Yoakums Station 1797
|On highway 63 between LaFollette, Tennessee and Cumberland Gap stands a Fort Yoakum Historical Marker. It reads:||
The 1771 Holston Treaty prohibited settlers from entering the Cherokee lands in the Powell Valley, however, recipients of North Carolina land grants moved into the area. President Washington directed the pioneers to leave the valley. Captain Richard Sparks and Captain John Wade read the executive order to the settlers at Yoakum Station one mile southeast in February 1797. The Treaty of Tellico (1798) resolved the controversy.
[EDITORS NOTE - The circular letter addressed to the inhabitants of Powell's Valley, etc, by Captains Sparks and Wade, is so replete with mildness and moderation, that the most obstinate disposition, cannot but concur with in opinion, that it is better to meet the wishes of these gentlemen than by a perverse conduct, compel them to measures which may temper their minds, so as to fit them for dispassionate argument, and by throwing aside every idea of the interest they now hold, take into view future prospects, and the advantage which may accrue to them and to the state at large, by a due obedience to the laws of the land,]
George states "The letter written by Captains Sparks and Wade to the Powell valley residents may have seemed "replete with mildness and moderation" to the Editor of the Gazette who was not being asked to vacate his homestead; but the people of Powell Valley did not feel exactly the same emotions felt by the good editor. They answered the Army men, and the answer, though unsigned as it appears in the Gazette of February 27, 1797, is a masterpiece. "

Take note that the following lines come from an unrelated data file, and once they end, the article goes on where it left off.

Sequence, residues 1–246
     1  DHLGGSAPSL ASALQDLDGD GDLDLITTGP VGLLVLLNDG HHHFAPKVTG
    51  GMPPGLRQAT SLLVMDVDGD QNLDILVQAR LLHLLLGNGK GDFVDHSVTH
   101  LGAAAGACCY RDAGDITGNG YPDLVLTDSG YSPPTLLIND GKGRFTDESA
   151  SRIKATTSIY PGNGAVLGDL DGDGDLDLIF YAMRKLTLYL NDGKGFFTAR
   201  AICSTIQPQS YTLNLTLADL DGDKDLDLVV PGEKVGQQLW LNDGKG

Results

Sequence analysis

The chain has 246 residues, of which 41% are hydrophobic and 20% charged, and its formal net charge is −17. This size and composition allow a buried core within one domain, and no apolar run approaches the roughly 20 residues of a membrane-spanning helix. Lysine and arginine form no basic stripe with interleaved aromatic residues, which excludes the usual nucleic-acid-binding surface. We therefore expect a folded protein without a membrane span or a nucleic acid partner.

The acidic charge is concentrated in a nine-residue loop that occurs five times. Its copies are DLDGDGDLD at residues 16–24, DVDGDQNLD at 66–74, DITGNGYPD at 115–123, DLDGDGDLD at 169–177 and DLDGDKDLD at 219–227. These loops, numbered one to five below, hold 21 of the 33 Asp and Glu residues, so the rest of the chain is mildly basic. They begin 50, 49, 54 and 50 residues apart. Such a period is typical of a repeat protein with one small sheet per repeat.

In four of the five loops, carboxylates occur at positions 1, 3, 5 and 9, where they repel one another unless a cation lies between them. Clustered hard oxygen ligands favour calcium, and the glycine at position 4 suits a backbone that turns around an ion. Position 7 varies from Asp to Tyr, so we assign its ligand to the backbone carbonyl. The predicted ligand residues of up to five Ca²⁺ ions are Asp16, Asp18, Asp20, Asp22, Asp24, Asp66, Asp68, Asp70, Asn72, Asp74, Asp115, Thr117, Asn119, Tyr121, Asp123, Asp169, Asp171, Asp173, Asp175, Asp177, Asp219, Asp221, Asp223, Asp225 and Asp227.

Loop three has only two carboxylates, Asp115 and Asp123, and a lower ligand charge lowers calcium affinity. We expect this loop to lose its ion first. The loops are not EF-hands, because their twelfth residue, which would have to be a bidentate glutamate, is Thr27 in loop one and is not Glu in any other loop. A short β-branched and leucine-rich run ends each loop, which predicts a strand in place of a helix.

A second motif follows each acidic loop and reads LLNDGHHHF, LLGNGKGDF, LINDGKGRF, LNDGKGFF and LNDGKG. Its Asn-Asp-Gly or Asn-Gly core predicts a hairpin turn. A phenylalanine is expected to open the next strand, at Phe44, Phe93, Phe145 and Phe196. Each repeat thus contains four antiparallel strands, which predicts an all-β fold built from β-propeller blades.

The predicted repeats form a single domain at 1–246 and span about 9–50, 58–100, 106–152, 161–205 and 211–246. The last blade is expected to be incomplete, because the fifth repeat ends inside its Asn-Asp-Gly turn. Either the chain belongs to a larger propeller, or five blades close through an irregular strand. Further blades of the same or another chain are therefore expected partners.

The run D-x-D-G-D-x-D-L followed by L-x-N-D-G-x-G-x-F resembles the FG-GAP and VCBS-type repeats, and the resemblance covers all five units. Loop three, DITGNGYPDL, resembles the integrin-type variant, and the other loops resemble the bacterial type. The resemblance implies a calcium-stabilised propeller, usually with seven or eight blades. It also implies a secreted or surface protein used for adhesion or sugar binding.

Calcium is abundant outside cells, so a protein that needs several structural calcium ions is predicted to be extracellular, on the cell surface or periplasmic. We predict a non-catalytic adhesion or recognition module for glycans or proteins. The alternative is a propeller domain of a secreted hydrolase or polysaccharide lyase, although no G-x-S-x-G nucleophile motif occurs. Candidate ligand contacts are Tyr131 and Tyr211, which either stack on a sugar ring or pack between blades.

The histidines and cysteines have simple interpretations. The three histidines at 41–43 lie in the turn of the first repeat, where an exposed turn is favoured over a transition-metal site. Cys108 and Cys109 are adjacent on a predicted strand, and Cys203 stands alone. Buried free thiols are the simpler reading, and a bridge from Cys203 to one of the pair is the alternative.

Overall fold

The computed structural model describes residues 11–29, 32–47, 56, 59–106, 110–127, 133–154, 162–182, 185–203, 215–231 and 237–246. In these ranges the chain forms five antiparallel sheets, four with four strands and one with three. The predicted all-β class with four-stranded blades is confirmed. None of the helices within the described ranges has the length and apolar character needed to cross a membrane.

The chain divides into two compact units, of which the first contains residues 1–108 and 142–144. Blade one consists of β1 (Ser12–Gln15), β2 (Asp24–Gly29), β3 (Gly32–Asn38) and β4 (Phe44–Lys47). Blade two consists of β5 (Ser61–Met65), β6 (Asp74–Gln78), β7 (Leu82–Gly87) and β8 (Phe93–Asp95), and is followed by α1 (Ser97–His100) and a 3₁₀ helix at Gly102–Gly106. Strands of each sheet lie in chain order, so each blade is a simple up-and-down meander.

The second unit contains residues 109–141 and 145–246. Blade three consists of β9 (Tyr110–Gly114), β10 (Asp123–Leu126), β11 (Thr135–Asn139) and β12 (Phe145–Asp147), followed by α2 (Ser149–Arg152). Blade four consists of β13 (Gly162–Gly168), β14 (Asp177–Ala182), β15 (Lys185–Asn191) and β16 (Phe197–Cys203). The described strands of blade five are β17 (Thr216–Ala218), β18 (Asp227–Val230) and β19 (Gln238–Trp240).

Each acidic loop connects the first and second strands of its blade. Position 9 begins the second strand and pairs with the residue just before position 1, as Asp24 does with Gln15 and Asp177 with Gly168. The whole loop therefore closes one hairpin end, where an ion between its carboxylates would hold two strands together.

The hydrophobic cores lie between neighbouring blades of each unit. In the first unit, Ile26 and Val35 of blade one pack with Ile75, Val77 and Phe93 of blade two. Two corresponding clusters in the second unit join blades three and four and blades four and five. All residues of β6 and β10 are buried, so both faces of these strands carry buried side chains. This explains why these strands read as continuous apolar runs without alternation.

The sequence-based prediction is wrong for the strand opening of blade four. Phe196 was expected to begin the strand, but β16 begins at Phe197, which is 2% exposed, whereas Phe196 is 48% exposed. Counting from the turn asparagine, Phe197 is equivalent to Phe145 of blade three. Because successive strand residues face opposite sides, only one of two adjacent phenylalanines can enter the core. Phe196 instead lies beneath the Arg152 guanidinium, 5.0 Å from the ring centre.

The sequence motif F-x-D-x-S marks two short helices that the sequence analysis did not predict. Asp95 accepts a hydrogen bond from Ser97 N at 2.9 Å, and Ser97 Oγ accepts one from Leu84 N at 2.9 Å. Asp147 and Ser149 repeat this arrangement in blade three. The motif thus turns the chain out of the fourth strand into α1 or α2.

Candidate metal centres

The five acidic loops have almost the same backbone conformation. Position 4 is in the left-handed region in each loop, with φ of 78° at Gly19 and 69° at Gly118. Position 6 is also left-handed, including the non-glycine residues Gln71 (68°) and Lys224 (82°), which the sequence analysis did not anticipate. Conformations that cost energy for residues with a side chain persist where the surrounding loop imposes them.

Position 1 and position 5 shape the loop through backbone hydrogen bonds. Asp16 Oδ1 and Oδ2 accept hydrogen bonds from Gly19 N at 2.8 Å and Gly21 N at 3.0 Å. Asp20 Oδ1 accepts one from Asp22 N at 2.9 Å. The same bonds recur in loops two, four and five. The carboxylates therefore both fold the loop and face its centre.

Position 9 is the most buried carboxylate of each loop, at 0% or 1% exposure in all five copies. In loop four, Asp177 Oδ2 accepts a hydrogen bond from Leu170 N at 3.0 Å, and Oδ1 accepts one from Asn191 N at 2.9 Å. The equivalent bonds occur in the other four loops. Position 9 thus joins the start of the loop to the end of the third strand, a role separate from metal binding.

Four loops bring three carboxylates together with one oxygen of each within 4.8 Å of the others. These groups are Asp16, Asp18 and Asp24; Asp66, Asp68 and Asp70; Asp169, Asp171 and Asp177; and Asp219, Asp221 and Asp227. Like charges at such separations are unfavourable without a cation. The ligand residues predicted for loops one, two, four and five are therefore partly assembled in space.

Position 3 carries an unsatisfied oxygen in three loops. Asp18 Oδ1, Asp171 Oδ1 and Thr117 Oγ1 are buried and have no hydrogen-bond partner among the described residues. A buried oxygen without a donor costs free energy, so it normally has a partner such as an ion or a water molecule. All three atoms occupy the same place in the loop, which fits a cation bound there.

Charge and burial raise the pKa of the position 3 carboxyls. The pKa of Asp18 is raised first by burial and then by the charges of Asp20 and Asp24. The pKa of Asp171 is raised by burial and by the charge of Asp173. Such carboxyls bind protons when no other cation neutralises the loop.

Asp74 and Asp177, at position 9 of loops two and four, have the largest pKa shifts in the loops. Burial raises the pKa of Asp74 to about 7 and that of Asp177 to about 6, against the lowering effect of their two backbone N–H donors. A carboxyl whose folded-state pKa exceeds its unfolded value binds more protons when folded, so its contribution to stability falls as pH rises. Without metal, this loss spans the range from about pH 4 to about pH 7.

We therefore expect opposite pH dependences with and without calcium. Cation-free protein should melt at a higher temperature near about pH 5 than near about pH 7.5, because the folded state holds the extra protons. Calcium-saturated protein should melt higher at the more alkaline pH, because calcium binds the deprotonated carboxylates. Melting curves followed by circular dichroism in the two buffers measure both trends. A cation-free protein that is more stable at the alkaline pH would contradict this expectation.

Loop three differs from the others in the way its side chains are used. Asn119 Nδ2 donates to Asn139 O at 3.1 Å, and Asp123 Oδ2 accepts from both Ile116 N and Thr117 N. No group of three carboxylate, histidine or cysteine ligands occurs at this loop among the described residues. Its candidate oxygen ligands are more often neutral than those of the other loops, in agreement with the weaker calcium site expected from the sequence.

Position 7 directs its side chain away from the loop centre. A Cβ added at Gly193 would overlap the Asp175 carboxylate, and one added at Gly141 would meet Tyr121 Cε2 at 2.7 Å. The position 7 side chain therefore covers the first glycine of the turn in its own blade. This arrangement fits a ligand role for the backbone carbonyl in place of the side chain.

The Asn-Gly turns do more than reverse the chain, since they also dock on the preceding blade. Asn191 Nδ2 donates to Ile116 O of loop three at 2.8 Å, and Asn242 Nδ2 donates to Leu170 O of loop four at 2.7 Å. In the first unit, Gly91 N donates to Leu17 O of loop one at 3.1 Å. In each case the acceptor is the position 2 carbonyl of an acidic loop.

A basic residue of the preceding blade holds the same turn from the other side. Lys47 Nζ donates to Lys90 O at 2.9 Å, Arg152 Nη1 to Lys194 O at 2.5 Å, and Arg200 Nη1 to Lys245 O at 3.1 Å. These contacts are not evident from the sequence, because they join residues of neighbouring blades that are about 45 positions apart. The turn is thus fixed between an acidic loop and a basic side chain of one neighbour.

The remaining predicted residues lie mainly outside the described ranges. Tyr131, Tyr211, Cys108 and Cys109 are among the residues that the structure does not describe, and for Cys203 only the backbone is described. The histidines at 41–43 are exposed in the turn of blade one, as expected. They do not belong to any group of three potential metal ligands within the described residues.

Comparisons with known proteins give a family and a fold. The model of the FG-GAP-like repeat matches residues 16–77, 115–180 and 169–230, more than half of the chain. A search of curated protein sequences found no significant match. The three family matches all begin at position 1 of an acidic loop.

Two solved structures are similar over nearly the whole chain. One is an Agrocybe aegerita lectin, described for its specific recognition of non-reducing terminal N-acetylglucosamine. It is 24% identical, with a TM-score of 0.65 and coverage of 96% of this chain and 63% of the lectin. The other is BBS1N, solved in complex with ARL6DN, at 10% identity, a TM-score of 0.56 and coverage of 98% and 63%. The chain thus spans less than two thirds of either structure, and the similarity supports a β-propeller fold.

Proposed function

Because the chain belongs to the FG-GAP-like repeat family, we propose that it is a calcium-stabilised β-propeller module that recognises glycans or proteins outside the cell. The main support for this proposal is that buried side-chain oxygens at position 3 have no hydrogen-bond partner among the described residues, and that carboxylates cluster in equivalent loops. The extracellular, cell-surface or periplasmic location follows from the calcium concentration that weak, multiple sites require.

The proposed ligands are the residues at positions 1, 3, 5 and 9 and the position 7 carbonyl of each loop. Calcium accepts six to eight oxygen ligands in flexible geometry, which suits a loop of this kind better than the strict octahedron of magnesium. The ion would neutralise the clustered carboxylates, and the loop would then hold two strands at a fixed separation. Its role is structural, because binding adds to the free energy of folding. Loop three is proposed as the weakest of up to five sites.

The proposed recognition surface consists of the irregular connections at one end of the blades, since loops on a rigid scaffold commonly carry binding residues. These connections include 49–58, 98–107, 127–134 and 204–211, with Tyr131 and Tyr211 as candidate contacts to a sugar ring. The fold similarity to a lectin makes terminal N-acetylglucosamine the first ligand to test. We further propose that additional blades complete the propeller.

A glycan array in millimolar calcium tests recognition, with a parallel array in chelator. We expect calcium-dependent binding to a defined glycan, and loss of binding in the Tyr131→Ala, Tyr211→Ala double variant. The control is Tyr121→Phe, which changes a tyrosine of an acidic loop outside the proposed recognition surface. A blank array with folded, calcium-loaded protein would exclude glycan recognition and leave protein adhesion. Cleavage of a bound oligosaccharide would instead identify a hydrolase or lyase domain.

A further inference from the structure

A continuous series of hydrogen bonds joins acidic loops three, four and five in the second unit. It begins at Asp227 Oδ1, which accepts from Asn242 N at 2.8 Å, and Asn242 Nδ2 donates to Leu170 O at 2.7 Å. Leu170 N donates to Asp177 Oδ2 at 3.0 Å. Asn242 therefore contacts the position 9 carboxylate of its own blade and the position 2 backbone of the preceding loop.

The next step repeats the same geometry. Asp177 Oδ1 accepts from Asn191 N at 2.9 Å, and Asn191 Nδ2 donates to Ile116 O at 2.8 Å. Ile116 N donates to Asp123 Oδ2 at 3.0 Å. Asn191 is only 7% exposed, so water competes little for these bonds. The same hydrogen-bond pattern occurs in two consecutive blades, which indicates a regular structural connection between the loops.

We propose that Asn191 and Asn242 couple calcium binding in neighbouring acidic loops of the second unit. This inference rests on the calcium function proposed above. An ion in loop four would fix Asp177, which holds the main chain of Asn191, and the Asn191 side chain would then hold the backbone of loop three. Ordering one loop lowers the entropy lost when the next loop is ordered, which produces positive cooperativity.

The Answer to the Army Men from the Knoxville Gazette and Weekly Advertiser February 27, 1797:
"The descendants of the
frontiersmen who wrote this letter could well be proud of his ancestry. Here is
the answer which the people of Powell Valley made to Captains Sparks and Wade,
and one needs little reading between the lines to see that they were actually
were writing to higher authority. They were possessed of enough native
intelligence to know that Sparks and Wade were instruments."
Although we anticipate the pungent grief we shall feel, on being obliged to leave our little farms, and on hearing the cries of our children fore spread, which we shall not be able shortly to (illegible) for them, yet we mean to bear with all the fortitude we can, the wrongs of the general government, hoping they will ere long become more just and generous to her suffering citizens.
Oh! How we long for such wise, humane, and well-informed men as Jefferson and ???????. We know not who to place with him at the helm, to steer the ship of the Commonwealth. In discussing the scheme of the federal government in America, in which, by the most admirable contrivances, justice seems to be so impartially administered, property so well guarded, and liberty so effectually secured, that in theory it seems impossible that any people under such wise regulations, can possibly fail of being happy, virtuous, and free; but experiment convinces us, that they are inadequate to these salutary purposes; our errors have arose from reasoning on false premises, that is, from supposing that Congress and her ministers would act on principles incompatible with the vises, the follies, and passions of human nature.
Article shared by George L. Yoakum, Cadiz, KY 9-27-1999
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Rev 4b: 3 Mar 2000 : rdk
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